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Did you ever tried ULTRAM. or ComZIP for pain? ( Tramadol)

pepebcn's picture
pepebcn
Posts: 6352
Joined: Aug 2010

would like to know if it has any especial effect as is opium based!
Hugs!

Lovekitties's picture
Lovekitties
Posts: 3372
Joined: Jan 2010

I have never taken this drug, but since it is opium based you will probably need to come off using it very slowly to keep from having withdrawal symptoms.

Hope it is making your life much easier.

Hugs,

Marie who loves kitties

pepebcn's picture
pepebcn
Posts: 6352
Joined: Aug 2010

disease , the only problems I have since ever are due to Chemo.Was speaking to doc yesterday how to stop my stomach cramping and headaches since paracetamol is doing nothing to me and Ibuprofen is a big Platelet eater and also not suggestible when you had ulcer or stomach bleeding as I had last year.So he recommended Tramadol, but suddenly realized that is an opium based medicine! .
It works very well but you get a little sleepy.
Hugs!

Minnesotagirl
Posts: 141
Joined: Sep 2011

Pepe,

Yes, I was prescribed that drug after having removal of cancer in the rectum. Actually, I was prescribed Oxycodone I believe and I did not like the way it made me feel, also, it could constipate a person and that I was not wanting! So the nurse talked to me about the drug Ultram (Tramadol) and said it wasn't a narcotic so no constipation and no hallucination side effects like Oxycodone.

I thought it worked great for light/moderate pain management ~ I only took a 1/2 tablet most days but days that I had bathroom issues and sores I sometimes took 1 full tablet. I would recommend it and I had no side effects for short term use.

Good luck to you~

"Minnie"

abrub's picture
abrub
Posts: 2166
Joined: Mar 2010

and had to ease off of it very slowly. I'd been on it for 4 weeks. I don't know how much it helped with the pain - just know that when I didn't take it, I felt ill and shaky. Supposedly it isn't addictive, but my experience tells otherwise, as does that of many people if you search the web.

It is not a "scheduled" drug in the US, like regular opiates (codeine, morphine, hydrocodone, dilaudid, for example) as it is considered very safe. I know of people who have had great success with it.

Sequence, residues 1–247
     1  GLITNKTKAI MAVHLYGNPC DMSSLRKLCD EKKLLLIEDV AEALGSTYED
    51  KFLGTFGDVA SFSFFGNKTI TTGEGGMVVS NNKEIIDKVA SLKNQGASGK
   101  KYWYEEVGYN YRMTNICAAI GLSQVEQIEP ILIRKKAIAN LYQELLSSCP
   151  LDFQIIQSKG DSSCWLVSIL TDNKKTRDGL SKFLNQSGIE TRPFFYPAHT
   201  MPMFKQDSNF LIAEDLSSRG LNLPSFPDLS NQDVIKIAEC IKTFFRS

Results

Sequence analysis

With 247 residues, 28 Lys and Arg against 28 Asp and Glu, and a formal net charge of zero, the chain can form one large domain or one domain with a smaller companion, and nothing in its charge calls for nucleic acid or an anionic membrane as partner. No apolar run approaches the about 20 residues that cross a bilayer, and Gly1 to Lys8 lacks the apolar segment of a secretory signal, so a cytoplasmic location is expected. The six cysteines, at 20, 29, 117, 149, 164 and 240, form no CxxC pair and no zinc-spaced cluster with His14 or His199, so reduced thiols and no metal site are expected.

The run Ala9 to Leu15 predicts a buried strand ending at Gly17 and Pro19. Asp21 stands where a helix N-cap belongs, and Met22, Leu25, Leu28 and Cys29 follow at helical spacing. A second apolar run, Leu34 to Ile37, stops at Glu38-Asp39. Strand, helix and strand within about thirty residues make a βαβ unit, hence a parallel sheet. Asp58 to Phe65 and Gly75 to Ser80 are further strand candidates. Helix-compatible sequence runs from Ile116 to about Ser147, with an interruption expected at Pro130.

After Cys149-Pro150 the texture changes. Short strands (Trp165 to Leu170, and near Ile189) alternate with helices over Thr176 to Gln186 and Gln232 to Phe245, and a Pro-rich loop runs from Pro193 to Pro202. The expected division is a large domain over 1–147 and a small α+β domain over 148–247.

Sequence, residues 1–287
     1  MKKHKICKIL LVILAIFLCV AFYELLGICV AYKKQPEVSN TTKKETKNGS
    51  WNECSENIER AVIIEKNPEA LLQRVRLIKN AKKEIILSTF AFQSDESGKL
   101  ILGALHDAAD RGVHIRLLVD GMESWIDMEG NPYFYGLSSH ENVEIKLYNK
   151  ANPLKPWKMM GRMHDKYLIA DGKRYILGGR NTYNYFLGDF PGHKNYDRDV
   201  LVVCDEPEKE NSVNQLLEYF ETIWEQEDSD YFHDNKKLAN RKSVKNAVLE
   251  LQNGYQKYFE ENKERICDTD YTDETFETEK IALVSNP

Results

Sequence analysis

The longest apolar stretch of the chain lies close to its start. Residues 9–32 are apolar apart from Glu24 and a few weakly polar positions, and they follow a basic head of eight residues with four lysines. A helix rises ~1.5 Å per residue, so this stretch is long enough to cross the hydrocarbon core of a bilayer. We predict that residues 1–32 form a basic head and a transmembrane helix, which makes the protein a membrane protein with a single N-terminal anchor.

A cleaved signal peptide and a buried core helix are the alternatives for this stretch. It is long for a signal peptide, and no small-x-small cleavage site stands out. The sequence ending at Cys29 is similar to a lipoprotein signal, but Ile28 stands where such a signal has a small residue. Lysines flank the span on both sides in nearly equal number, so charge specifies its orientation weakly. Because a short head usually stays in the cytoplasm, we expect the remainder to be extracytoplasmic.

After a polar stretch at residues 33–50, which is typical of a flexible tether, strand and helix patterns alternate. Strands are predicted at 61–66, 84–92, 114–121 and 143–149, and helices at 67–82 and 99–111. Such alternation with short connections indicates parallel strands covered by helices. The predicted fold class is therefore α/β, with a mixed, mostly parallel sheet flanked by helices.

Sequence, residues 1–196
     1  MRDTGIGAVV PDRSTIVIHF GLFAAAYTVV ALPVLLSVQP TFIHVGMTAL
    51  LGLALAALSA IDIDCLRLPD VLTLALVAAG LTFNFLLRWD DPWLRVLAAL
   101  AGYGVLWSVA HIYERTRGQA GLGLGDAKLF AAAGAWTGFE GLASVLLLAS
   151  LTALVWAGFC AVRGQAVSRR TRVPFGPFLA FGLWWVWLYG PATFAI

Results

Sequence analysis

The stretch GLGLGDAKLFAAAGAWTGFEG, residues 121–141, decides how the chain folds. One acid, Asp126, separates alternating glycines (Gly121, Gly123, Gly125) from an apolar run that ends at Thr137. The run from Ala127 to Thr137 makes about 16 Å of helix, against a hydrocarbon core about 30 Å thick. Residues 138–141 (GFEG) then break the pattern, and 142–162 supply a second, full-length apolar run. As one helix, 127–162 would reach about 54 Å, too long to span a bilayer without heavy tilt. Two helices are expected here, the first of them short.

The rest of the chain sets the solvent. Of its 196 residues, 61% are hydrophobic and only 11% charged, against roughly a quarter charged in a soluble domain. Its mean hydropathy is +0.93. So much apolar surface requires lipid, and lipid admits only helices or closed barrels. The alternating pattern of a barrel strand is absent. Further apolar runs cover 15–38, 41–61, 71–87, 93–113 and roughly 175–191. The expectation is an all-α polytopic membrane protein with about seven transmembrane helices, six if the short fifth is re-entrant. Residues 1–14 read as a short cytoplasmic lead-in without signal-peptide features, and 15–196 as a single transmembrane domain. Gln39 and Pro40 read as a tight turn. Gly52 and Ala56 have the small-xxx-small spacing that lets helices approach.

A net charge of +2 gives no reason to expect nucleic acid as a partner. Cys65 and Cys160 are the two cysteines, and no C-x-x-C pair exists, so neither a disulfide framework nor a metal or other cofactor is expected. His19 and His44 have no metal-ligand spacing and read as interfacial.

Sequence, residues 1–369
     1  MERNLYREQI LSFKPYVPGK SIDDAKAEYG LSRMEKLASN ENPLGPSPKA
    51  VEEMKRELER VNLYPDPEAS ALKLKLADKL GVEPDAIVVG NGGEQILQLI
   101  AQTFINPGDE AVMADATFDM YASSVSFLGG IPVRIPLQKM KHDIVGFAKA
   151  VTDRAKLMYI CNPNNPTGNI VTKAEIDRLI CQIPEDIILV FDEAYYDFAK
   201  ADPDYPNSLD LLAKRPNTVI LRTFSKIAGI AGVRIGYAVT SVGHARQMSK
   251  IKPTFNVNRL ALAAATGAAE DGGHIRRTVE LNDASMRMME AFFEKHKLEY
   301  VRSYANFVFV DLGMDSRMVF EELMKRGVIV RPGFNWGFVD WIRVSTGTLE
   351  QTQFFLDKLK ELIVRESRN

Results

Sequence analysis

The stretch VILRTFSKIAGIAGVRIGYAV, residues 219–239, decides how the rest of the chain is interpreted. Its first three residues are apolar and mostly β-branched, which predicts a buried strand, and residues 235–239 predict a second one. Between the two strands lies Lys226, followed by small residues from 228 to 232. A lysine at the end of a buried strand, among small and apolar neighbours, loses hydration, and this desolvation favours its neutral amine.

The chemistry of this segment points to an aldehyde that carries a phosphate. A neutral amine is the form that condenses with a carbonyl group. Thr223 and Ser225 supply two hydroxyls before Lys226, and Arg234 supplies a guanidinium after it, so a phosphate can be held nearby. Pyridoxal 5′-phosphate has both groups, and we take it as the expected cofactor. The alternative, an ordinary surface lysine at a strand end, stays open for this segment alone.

Lifeisajourney
Posts: 217
Joined: Apr 2010

is what I was released from hospital along with Vicodin after failed liver resection. Told tramadol was preferable to take due to my liver, it was easier on it that vicodin. I found it to be very mild, no problems, never did finish the 30 and to this day will very occasionally take one for a pain...don't know how many mgs you have. Everyone I have spoke to about it thought it to be mild....good luck....Pat

JayhawkDan's picture
JayhawkDan
Posts: 206
Joined: Apr 2012

I was only dx with cancer 3 months ago, but I've taken tramadol for about 5 years to help control pain in my feet due to peripheral neuropathy. The neuropathy started about 10 years ago for an unknown reason (good circulation, not diabetic) and caused so much pain I didn't want to walk across the room. Doctors (neurologists, podiatrists, orthos) tried several things and I finally asked my gp to prescribe something, anything, so I could just enjoy life. It saved my life -- I don't know how else to describe it. It didn't take the pain completely away, but kind of took the edge off and that helped so much, and allowed me to be active again. I'm on the same dose since the start and it's still effective, and I've never noticed any bad side effects. I guess you could say I'm addicted because I don't want to live without it. And it's really cheap if you buy the generic tramadol. Anyway, that's my experience. Of course I have bigger problems now, but I can walk into the cancer center without cringing (other than not wanting to be there...lol).

westie66's picture
westie66
Posts: 642
Joined: Jun 2010

Hi: I was/am prescribed Tramadol first for pain after cancer surgery instead of oxycontin which is no longer available in Canada anyways and then for arthritis. I have taken it every day for 2 years along with sulinac, another arthritis painkiller. It does seem to work in a gentle way but they sure watch the prescription - no large amounts, no repeats, etc. I have no come off it just because I seem to be taking so many other pills for chemo-related reasons. There is another form of it, Tridural, but that has so much acetomyaphen in it which isn't good for the liver.
Cheryl

th_in_canada's picture
th_in_canada
Posts: 46
Joined: Nov 2011

I had this for my surgery 2 years ago and it as great for me but I could only have it in the hospital.
I've just been on oxycodone but the hallucinations were very bad so have now switched to hydromophone. Hope that it works better.

Tricia

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